Navigating the COVID Storm


Dr Amrit Sachar
Liaison Psychiatry Consultant

Diabetes is challenging enough to manage at the best of times. But we are not in normal times. Covid-19 has turned our worlds upside down.

I am only just about managing my emotions regarding this world crisis and I don’t have a long term condition to grapple with on a daily basis.

I had to go into 14 days of quarantine, even before lockdown started. I was probably in a form of shock for most of that time although I didn’t realise at the time, to what extent.

So what can I, as a psychiatrist, who is also experiencing distress, offer you as my five top tips to help you navigate your way through this storm?

1) It is really important to accept that your emotions are normal.

It is normal to feel:

  • Shock
  • Denial
  • Fear
  • Anger
  • Frustration
  • Hopelessness
  • and much more...

You may be worried about your loved ones and your own health. You might be worried about getting food or medication or getting access to healthcare for your diabetes as well as contracting Covid-19. 

It is normal to go through these stages of emotions. We all do it and most of us do move through the stages. And we can also go backwards and forwards between these emotions.

You might find you are feeling different from others in your family. That’s ok too. We are all different and cope differently at different times.

Every time I feel overwhelmed or angry or despondent, I try to think of the change curve (see below) and where I am on it. This helps me to remember that this is normal and that it will pass.

2) Only spend energy worrying about the things you have control over. 

Make a list of the things that you are worried about and write these in two columns:

a) all the things you have no control over

b) all the things you do have control over

Make a plan to deal with the things that stress you out in column b, the things you can control.

For example, you have no control over the government advice to self-isolate, or the fact that you may be in high rise block of flats with no garden. You probably can’t change that. However, you might be able to control how you spend your time whilst at home.

 I know it is much harder to stay connected with people who make us feel better at the moment. But we can still do this. Pick up the phone. Send a text. Start a conversation. One small step at a time if that is the way you need to do it. You can also try to minimise connection with some of the relationships that drain you or make you feel bad.

And you definitely do have control over your internal world. Your mind. So that brings me to my next top tip.

3) Try to practise mindfulness

Mindfulness is a meditation practice that helps you to concentrate on the here and now and to be in the present moment. In other words “yesterday has gone, so there is no use worrying about it” and “tomorrow isn’t here yet, so don’t worry about it”.

This is much easier said than done. But help is at hand.  At the moment, there are lots of free assistants that can help you do this:

  • Apps
  • Audios
  • Videos
  • Reading material

Start with one or two minutes and build up. And don’t worry if you don’t get it straight away. Every second you can be mindful is a success.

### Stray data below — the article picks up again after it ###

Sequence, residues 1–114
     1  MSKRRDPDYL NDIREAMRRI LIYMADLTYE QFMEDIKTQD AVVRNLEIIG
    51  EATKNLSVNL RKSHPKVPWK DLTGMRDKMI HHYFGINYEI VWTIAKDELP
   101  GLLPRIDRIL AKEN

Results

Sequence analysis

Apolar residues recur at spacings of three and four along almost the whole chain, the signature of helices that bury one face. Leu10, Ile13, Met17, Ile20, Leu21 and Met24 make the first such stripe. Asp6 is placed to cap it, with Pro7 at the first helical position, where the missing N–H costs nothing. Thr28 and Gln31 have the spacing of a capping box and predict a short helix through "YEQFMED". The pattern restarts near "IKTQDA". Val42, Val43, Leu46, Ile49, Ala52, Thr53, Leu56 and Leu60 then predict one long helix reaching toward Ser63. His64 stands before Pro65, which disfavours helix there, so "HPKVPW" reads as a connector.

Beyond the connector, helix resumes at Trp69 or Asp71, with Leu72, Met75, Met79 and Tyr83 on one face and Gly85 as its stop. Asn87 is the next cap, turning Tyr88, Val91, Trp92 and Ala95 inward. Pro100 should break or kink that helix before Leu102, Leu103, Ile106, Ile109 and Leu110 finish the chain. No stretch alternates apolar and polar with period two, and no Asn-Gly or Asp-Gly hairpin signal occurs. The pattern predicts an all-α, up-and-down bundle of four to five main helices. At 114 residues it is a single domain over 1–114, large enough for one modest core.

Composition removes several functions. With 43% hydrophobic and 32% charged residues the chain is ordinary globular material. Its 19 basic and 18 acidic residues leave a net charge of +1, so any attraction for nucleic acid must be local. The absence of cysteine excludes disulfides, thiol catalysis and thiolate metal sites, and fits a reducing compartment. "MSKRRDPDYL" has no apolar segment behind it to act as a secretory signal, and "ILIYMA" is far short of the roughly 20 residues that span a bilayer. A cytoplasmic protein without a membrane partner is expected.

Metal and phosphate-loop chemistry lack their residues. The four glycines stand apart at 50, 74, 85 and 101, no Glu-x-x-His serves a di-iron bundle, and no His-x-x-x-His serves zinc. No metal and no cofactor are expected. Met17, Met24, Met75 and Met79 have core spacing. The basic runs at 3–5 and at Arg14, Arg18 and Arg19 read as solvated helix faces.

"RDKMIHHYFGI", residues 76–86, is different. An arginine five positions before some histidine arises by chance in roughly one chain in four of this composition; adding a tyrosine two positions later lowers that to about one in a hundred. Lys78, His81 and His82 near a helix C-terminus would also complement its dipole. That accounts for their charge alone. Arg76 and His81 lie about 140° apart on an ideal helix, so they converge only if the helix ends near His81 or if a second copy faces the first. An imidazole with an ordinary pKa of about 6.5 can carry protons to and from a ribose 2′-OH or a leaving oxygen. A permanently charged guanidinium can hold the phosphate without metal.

4) Be kind to yourself

That means:

  • Don’t beat yourself up if you end up comfort eating or your sugars are a bit higher than you would like. The more you do that, the more your stress hormones rise and these stress hormones actually make you more likely to want to reach for more comfort food. It is a really unhelpful cycle.
  • Don’t beat yourself up if you haven’t managed to clean the house or use your isolation time more “productively”.

There are lots of self-compassion resources available for free and I really like this set of audio resources on compassion.

Remember: you are adjusting, like the rest of us, to a huge shock.

5) Get help if these tips don’t help much

We know that many people will get through the process of adjustment, but a significant proportion will need more help and that is normal.

If you are finding that you can’t function, carry out your day to day duties or sleep properly, for more than two weeks, then you may be experiencing depression or anxiety that would benefit from more support. Some people may find that they are using drugs or alcohol more, in order to cope.

Some people may have more extreme symptoms for example, of post-traumatic stress disorder or psychosis or feeling suicidal.

If you are struggling, please seek support.

Contact your GP or health care professionals. Mental health services, self-referral talking therapies and GP surgeries are open and available to support you, even if it is over the phone. Diabetes UK also has a helpline.

Or if you would like to remain anonymous, Samaritans are available to call 24 hours a day, free on 116 123 from any phone.

Please don’t suffer alone.


Not all of my tips will apply to you or will be possible. But I hope you have found at least one thing that makes sense to you, that you can grab hold of and have a go at trying. I know it may sometimes feel like the challenge is too big. I have been there too. This is why I love the phrase “eat the elephant, one bite at a time”. What is stopping you from taking your first bite?


Dr Amrit Sachar

Liaison Psychiatry Consultant

Dr Amrit Sachar completed her MRCPsych in 2001 and has been a consultant liaison psychiatrist at West London Mental Health Trust since 2005.

She is the mental health representative on the North West London Diabetes Transformation programme and has been actively involved in content creation across the Know Diabetes platform.